Labels helpfully classify, bringing clarity to chaos and reducing complexity to simplicity. They can make sense of a disparate set of medical symptoms, bundling them under one name. But what is in a name? Connective tissue disorders are all related, overlapping and mimicking each other. People sometimes find themselves misdiagnosed with one and then re-diagnosed with another. Does this re-diagnosis make any real, practical difference or is it just a label?
Q: I’ve lived for the last thirty or so years thinking I had Marfan syndrome. During my last genetics appointment I was told that I don’t in fact have Marfan syndrome, but may have Loeys-Dietz syndrome (LDS). Do you support people with LDS? Do you have any information on LDS? And finally, what difference does this new diagnosis make If any?
A: It is just a label. Marfan syndrome was described well before Loeys-Dietz syndrome and people were sometimes misdiagnosed with Marfan, then subsequently found to have LDS once it became known. However, in the meantime, your symptoms have long been controlled by treatment so it makes little practical difference as to whether these symptoms are a result of MFS or LDS. Knowing the correct diagnosis depends on finding a gene mutation. LDS can present earlier than MFS and your doctors do need to know the cause in order to choose the best treatment. Also, your children can be screened as there is a 50:50 chance they have inherited LDS.
We are expanding our support to encompass Loeys-Dietz patients. We are shortly publishing a booklet on LDS and an information sheet has been prepared, the contents of which are presented below.
Loeys-Dietz Syndrome is a rare genetic connective tissue disorder that shares some features with Marfan Syndrome. Like Marfan Syndrome, people with Loeys-Dietz syndrome can have changes affecting their heart, bones, joints, skin, eyes, blood vessels and internal organs. We would like to raise awareness of Loeys-Dietz Syndrome, to allow more people with this syndrome to gain a diagnosis and appropriate management of the condition.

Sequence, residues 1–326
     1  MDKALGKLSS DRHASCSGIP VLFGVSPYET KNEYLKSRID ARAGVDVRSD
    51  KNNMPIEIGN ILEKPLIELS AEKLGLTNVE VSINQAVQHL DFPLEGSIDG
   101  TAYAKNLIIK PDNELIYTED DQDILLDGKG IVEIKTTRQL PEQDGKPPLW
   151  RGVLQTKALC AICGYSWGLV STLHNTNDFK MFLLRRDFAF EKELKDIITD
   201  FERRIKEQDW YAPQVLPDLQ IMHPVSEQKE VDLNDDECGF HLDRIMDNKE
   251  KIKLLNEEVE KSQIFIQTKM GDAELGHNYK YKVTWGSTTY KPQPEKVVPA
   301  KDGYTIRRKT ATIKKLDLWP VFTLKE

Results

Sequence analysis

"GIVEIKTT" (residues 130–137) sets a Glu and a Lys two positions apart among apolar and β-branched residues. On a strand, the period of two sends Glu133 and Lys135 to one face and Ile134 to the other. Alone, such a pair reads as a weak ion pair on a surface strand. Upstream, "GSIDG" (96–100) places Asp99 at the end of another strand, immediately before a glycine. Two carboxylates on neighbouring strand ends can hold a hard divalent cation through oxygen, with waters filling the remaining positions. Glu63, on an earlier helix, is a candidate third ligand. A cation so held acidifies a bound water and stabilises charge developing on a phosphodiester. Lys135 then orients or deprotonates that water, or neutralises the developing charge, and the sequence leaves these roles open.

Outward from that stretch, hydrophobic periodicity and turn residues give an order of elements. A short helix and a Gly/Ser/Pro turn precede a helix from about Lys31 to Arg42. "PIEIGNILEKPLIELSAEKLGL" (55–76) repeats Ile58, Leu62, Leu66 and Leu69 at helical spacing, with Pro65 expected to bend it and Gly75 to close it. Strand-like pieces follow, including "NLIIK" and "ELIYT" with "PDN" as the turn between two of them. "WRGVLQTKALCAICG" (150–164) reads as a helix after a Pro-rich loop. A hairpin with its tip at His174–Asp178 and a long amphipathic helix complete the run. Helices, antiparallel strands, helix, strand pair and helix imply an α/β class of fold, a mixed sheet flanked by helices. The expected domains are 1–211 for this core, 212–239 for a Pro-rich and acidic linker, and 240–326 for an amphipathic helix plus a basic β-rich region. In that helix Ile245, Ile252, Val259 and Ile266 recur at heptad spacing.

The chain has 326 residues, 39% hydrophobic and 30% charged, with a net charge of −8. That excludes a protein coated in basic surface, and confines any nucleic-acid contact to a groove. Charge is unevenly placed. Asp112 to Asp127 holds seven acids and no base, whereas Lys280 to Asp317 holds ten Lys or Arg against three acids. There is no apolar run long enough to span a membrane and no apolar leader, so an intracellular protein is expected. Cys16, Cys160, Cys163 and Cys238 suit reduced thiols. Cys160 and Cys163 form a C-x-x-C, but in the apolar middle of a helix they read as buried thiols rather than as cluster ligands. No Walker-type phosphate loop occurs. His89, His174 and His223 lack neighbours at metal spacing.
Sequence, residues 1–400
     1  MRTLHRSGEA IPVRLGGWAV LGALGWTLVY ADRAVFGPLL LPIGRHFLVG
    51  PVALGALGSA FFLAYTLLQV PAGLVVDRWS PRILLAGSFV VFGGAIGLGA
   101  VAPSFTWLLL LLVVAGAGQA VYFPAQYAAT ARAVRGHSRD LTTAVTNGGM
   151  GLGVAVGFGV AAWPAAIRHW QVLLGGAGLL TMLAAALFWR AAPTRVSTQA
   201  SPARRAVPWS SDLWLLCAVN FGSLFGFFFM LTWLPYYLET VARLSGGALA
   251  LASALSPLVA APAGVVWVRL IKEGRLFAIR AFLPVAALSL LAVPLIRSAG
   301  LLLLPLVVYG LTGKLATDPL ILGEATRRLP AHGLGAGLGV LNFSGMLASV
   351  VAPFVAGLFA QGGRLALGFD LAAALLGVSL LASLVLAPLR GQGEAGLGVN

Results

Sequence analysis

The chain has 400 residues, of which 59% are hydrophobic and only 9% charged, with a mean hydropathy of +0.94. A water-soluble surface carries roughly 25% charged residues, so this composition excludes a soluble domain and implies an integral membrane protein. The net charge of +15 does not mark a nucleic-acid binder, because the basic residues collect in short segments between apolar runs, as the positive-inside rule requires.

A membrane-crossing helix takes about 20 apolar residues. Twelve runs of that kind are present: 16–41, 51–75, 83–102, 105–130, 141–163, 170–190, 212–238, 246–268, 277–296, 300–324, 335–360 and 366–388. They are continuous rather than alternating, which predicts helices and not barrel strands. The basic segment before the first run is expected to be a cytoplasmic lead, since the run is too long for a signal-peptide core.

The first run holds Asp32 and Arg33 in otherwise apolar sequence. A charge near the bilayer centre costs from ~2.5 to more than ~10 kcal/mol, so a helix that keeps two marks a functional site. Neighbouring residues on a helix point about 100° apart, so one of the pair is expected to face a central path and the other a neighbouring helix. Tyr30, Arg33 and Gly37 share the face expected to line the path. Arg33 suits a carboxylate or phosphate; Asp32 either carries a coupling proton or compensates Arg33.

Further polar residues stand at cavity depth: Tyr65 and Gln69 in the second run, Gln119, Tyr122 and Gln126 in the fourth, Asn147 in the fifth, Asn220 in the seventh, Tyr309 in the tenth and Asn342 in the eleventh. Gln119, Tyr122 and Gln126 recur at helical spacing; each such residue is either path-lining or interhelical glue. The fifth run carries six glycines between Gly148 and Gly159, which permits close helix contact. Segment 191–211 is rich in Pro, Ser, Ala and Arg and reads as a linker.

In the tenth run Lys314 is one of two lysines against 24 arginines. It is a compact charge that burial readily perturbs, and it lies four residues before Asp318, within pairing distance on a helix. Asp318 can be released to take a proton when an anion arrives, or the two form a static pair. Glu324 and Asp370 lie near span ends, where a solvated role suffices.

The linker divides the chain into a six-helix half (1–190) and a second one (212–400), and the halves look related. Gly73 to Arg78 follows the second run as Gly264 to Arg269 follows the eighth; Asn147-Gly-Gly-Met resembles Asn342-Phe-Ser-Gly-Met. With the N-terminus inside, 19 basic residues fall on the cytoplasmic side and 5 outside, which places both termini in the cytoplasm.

Many individuals with Loeys-Dietz Syndrome are the first in their family to have the condition, and therefore it is likely to be underdiagnosed in the population.
There are four main characteristics often seen together in Loeys-Dietz syndrome, that are not typically seen together in other connective tissue disorders such as Marfan Syndrome. These are:
1. Aneurysms – an aneurysm is a widening or dilation of an artery. This is most often seen in the aortic root- where your aorta (the large blood vessel that carries blood from the heart to the rest of the body) meets the heart.
2. Arterial tortuosity- twisting or spiralling arteries.
3. Hypertelorism - widely spaced eyes
4. Bifid (split) or broad uvula - the uvula is the small piece of flesh that hangs down from the back of the mouth
However, not all patients with the syndrome will have all four of these characteristics, and people with the condition can have a wide range of symptoms. More information on these can be found here
Based upon the success of our Marfan Syndrome support group, we would like to create a support group for patients either diagnosed with Loeys-Dietz syndrome, or those who suspect they might have the condition. This group would allow people to reach out with any questions they might have regarding their condition, or to seek assistance with getting a diagnosis. We are also aiming to create patient webinars for our support group, to allow patients to speak to experts about Loeys-Dietz syndrome.